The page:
Signs of an Aging Flat Roof

what to look for in an aging flat roof, pvc, tpo, epdm, built up roofing, problems, salt lake city roofer

By Dymon Brady

A few weeks ago, we talked about estimating the expected life of a pitched roof.    Watching for signs of wear and tear is much different when you are talking about a flat roof vs. a pitched.  In fact,  a membrane roof will wear out much differently than a tar and gravel roof will.   These different signs are important to understand and be aware of.


PVC membrane typically lasts for about 10-25 years depending on the brand and thickness of membrane.  When PVC begins to age you may see some of the following signs:

  • It can become brittle

  • It has formed cracks

  • It has begun to pull at the edges of the membrane.

If you have ever seen an old, brittle PVC pipe, you will know what to look for.  PVC membrane will age identically to the PVC in the pipes.


TPO membrane usually lasts from 15 to 25 years (keep in mind TPO has only been a roofing product for about 23 years), depending on the system and skill of installers.  Some brands of TPO come with a lifetime warranty when a 60 ml thick membrane is installed on a residential building.  When looking for indicators that your TPO roof is aging, look for:

  • Worn areas on the roof.  TPO will simply wear thin in certain areas as it reaches the end of its functional life.

  • The membrane edges.  Older systems will infrequently pull from the edges as other flat roofing membranes do.  New methods of installation now help prevent TPO from pulling away from the perimeter.

The seams should not separate in TPO as it is a Thermoplastic roof and the seams are fused together (rather than glued or taped).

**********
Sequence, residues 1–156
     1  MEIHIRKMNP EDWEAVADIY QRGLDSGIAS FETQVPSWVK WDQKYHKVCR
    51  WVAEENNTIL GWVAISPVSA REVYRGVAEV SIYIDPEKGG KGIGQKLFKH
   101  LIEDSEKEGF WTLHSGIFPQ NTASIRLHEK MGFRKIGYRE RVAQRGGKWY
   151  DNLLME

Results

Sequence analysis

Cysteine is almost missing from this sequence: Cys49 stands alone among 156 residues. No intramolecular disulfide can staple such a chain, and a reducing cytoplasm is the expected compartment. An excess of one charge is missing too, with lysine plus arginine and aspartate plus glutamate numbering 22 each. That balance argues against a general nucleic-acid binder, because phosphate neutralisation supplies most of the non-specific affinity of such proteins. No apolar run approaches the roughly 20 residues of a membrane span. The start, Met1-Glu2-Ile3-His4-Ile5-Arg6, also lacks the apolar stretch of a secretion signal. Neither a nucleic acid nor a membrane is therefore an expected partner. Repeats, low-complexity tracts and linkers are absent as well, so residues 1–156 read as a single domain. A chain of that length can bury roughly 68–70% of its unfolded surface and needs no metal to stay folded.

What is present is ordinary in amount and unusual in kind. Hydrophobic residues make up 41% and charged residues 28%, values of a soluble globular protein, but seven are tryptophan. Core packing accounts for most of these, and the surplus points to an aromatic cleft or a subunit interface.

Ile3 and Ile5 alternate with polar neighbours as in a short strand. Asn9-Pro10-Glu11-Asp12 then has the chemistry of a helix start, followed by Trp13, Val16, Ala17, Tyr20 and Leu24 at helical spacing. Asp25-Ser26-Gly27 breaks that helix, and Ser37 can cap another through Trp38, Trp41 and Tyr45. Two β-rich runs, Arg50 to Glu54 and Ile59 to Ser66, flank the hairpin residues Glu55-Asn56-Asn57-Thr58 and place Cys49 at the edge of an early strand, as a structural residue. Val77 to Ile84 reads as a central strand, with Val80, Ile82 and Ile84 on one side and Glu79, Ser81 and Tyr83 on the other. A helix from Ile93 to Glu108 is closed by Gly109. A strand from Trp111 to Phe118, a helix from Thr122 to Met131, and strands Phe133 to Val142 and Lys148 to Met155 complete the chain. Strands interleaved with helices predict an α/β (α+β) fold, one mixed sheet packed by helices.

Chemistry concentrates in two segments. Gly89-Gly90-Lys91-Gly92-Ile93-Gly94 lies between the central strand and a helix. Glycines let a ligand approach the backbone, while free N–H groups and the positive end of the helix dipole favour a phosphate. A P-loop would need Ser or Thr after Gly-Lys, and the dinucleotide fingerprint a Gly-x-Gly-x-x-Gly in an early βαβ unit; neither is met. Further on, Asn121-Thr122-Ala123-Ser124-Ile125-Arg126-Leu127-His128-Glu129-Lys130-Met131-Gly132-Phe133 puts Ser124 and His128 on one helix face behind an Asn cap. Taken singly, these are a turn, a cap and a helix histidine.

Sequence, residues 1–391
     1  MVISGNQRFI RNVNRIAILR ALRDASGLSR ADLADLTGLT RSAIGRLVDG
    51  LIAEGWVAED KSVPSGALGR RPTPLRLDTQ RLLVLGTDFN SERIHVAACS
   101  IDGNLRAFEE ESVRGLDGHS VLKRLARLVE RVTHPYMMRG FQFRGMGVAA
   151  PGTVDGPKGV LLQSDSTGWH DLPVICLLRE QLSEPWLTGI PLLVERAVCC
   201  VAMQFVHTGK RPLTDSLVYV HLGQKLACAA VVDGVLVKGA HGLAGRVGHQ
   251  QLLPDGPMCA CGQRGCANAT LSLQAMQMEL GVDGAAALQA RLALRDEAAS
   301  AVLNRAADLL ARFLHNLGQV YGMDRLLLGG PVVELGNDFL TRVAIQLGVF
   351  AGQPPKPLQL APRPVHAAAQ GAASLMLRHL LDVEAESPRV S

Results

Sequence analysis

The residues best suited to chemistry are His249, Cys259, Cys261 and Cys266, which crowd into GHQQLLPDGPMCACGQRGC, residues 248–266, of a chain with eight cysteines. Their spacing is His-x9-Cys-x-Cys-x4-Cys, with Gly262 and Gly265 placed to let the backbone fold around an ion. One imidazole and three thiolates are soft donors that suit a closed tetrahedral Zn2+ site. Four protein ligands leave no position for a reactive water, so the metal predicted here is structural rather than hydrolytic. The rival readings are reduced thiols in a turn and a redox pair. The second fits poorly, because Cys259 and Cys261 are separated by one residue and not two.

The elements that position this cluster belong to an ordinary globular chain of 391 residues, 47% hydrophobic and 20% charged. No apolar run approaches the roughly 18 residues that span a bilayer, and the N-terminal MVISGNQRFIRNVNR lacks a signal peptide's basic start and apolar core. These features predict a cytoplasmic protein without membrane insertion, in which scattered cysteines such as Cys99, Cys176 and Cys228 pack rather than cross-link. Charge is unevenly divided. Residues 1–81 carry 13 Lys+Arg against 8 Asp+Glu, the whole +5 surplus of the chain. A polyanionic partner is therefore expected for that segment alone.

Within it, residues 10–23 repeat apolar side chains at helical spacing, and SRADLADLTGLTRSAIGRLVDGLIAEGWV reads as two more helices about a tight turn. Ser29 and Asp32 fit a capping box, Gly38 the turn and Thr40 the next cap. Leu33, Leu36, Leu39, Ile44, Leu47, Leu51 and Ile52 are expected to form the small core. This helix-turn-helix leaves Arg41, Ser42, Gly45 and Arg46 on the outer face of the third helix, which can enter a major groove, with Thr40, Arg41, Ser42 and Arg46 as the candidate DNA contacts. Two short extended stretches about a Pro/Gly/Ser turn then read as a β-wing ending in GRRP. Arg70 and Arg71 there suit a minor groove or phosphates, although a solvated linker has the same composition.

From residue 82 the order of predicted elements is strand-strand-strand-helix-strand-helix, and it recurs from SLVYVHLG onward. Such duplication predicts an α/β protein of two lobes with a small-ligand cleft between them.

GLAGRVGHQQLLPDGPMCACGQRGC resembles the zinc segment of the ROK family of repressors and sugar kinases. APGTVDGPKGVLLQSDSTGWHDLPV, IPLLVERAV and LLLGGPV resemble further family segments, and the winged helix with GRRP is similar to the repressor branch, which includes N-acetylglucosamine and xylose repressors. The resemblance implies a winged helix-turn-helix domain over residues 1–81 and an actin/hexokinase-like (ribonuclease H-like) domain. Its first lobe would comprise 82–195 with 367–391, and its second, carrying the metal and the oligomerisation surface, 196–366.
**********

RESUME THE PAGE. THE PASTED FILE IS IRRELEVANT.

EPDM membrane itself lasts a very long time with an expected life of up to 40 years with some types and thicknesses.  However, in Utah’s abusive cold weather climate, the seams curl and separate after about 10 to 20 years.  You will find similar issues to TPO with EPDM as it ages:

  • Thinning throughout the membrane and pulling from the edges of the roof.

  • Bridging. Many times the roof fails due to extensive “bridging” or “tenting” where the membrane on the roof turns up a wall, skylight curb, HVAC curb, pipe, etc.

One last thing to look for in EPDM is whether the EPDM has a reinforcement fabric or scrim in the sheet.  If it does, you will be able to see the pattern of the scrim when looking closely at the membrane.  Reinforced EPDM will bridge less than unreinforced.  The non-reinforced EPDM will split in the field of the membrane and will be susceptible to tearing as it shrinks at a faster rate.

It is important to note that the most important factor in your roof’s longevity is the workmanship in how it was installed.  If the roof is not installed properly, it doesn’t matter how thick the membrane is.  You don’t want to have to replace your roof after only a few short years simply because the installers did not do their job the way it needed to be done. The level of workmanship in the application of a system can be determined with a trained eye.  As with any roofing concerns, a simple answer is to contact a roofing contractor to come in and inspect your roof for you.  Brady Roofing will do these inspections and estimates for free!  Call today to schedule a free estimate or to discuss any questions concerning your roof.

Share This:

Leave A Comment